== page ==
In Research

Last year we contributed to a genome-wide association study that identified a number of variants associated with same-sex sexual behavior. We recognized that this study had some limitations, so we sought out ways to ensure future studies were even more robust.

We have since been working to improve our gender and sexuality survey through user testing with the LGBTQ+ community. This feedback has helped us refine our survey to be both sensitively worded, as well as scientifically robust.

One improvement that resulted from this feedback was an update to the question “About how old were you when you became aware of your current gender identity?” We added “About” after several participants noted that this is a gradual process for most people, but that they had no problem providing an estimated age if prompted.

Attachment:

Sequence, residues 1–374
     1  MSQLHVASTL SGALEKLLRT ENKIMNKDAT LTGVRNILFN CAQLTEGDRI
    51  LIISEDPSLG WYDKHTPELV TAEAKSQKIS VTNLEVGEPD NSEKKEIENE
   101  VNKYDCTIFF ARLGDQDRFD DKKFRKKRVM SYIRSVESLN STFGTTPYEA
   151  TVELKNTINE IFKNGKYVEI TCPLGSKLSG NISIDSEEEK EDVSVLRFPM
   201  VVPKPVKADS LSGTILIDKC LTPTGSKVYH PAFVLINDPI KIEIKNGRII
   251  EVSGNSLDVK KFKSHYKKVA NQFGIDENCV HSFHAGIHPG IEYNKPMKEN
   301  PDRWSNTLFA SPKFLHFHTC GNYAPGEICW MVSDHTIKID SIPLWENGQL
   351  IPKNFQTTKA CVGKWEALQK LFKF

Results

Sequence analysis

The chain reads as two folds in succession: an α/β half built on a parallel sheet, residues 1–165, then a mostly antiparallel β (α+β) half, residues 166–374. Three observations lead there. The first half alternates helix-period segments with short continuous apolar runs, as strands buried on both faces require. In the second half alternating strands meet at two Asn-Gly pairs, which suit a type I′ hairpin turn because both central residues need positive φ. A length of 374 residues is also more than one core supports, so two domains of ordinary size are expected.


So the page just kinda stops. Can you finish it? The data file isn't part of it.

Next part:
We have also added additional questions in order to separately assess attraction vs. behavior, as well as to better capture bisexual and pansexual orientations.

In Our Workplace

Finally, we want to make sure that 23andMe is an amazing place to work for LGBTQ+ employees. Same-sex partners are eligible for health care coverage and benefits, and all parents receive 16 weeks of Paid Parental Leave regardless of gender. Our health insurance plans also cover medical transitioning, including hormone replacement therapy and gender reassignment surgery.

Additionally, every year our LGBTQ+ Employee Resource Group hosts a company-wide Pride event to celebrate our employees and to educate allies. Employees also frequently volunteer to share their experiences with younger LGBTQ+ scientists at external events like Out in STEM panels and the Lesbians Who Tech Summit.

Equity and justice will only arrive through action. We hope that you’ll join us.

[5] Baudewijntje P.C. Kreukels & Antonio Guillamon (2016) Neuroimaging studies in people with gender incongruence, International Review of Psychiatry, 28:1, 120-128, DOI: 10.3109/09540261.2015.1113163